“Those folks tend to be really successful here because they bring their rich history of thinking about problem solving or innovations in a way that just brings better solutions to us,” Google’s global director of data centers, Heather Dooley, told Insider.
Dooley says the most successful employees have strong critical thinking, problem solving, and collaborative working skills.
“This is a really robust ecosystem of talent: It’s not just the stereotypical operations folks or engineering folks it’s actually much broader than that,” she said. “That’s why I think it’s compelling for people to come into the industry.”
One challenge in hiring, however, is that there is a lack of awareness around these types of careers, Dooley said. Because of that, Google works with schools and trade programs to build a pipeline for hiring, as well as to give people the skills they need to be successful in the industry.
“There’s a whole variety of talent and skills that are necessary for those roles to be effective,” Dooley said. “We’ve been working a lot with mapping skills and capabilities, not only for our Googlers and enhancing their learning and development investment, but also working within the communities where we build data centers.”
For example, Google has been working closely with local community colleges in Virginia, where many data center sites are located, to point students to careers working in data centers. It’s been helping the schools curate curriculums that fit well with the skills required at its data center sites.
“I think it’s important for us to participate in the development of curriculum so that the needs and skills that the trade school programs are developing match the needs and skills of Googlers and other data center workers that the industry can develop,” Dooley said.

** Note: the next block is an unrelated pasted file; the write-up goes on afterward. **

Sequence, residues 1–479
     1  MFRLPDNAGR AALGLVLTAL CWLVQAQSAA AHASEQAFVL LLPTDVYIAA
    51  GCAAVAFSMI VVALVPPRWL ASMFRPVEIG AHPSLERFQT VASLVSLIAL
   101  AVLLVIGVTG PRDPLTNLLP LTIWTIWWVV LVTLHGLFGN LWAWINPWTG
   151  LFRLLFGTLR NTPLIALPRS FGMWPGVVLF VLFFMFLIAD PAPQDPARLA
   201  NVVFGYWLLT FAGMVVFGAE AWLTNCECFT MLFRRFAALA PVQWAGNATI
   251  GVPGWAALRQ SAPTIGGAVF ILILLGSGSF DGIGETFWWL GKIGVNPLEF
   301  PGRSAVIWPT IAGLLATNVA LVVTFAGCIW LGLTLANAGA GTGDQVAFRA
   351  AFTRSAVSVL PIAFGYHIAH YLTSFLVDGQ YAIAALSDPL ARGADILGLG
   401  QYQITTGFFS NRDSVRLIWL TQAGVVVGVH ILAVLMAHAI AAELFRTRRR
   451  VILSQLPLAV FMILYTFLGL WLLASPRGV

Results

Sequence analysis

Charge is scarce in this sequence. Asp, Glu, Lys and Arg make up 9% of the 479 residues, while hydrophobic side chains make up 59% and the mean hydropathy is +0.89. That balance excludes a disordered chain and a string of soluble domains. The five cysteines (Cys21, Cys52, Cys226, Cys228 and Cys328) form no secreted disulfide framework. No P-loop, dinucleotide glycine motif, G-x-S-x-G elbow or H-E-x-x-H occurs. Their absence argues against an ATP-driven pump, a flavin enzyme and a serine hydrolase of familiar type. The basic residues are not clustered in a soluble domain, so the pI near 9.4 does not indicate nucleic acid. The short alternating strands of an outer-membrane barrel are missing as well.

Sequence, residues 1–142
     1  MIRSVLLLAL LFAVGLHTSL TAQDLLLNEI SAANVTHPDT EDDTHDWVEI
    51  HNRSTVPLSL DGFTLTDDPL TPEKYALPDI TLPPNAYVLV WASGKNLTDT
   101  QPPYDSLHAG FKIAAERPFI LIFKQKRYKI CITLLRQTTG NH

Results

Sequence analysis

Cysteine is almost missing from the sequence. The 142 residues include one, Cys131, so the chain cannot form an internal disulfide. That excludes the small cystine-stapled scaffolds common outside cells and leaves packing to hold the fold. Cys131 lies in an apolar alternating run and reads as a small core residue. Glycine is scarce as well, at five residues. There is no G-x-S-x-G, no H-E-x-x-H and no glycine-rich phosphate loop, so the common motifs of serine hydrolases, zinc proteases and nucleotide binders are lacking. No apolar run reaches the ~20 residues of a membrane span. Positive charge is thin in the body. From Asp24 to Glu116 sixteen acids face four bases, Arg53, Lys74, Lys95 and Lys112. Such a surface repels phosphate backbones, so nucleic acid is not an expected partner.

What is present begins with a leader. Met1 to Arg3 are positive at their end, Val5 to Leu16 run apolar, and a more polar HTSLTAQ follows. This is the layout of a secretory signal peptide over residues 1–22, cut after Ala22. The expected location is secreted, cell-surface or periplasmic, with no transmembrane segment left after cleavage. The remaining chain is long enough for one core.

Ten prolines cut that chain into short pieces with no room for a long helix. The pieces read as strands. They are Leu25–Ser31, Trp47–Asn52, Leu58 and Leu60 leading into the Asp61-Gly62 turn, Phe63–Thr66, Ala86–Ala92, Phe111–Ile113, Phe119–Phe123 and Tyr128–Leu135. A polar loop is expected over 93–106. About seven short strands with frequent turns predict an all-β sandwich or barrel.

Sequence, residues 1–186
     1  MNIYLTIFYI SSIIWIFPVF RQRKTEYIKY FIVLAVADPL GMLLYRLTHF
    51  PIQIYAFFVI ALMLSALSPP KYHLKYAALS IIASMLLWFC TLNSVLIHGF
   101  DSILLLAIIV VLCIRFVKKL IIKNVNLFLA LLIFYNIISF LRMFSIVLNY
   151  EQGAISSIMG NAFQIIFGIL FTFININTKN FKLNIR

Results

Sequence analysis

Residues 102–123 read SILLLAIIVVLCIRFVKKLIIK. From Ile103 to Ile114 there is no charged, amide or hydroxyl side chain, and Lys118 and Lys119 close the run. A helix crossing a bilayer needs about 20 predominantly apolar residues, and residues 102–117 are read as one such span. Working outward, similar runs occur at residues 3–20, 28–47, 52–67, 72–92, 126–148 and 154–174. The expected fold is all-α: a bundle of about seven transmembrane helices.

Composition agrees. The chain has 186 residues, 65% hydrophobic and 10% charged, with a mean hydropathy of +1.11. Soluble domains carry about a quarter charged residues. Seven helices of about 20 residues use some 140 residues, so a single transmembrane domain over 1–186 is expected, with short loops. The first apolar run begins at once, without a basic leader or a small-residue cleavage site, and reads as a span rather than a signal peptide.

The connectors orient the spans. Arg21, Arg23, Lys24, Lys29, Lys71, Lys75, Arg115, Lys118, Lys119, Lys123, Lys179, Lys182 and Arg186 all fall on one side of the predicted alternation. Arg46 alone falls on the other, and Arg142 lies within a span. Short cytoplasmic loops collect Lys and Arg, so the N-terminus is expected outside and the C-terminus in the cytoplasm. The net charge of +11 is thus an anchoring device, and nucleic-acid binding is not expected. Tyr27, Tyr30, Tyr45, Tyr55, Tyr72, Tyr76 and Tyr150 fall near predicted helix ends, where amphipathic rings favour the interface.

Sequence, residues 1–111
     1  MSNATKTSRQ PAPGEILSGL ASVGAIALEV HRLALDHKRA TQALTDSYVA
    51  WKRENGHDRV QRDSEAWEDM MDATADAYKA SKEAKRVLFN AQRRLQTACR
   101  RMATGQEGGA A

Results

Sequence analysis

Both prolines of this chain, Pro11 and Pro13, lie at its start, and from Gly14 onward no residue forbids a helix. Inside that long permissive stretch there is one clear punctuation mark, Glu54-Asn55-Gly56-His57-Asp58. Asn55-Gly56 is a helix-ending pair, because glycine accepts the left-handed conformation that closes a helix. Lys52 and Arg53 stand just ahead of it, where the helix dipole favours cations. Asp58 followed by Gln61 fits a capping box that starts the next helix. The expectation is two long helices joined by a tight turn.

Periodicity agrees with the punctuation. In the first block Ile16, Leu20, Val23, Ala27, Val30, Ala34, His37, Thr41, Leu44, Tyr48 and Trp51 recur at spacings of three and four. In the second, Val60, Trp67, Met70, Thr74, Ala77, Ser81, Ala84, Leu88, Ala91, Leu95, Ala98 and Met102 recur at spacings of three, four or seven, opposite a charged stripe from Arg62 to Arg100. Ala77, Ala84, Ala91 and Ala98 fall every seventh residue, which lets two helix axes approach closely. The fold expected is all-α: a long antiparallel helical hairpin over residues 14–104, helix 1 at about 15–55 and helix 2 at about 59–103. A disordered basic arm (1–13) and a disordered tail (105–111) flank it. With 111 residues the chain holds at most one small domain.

Early-career employees, like interns and new graduates, can bring in new perspectives, Dooley said.
“We have folks who graduated from those programs they come in and go back to school and help the students by building awareness, understanding more about the opportunities, even preparing them for interviews,” Dooley said.
What it’s like to work at Google’s data center sites
The coronavirus pandemic brought on a set of new challenges for employees at data center sites, both because of the increased demand and CDC guidance on sanitizing surfaces and observing social distancing.
“Social distancing does impact the way you typically do your job,” Henley said. “We were able to find those ways to do that and make sure our people are safe and the world still has the internet use that they still would have.”
Still, there have been silver linings amid the chaos. Because the team had been dealing with increased traffic during the pandemic, it felt better prepared for peaks during the holiday shopping season, Henley says.
“You are balancing the needs of our customers and what they expect regarding their data and internet access and also the safety and health of our team,” Henley said. “This morale, this camaraderie began to happen. We began to encourage each other and realize the importance of what we do.”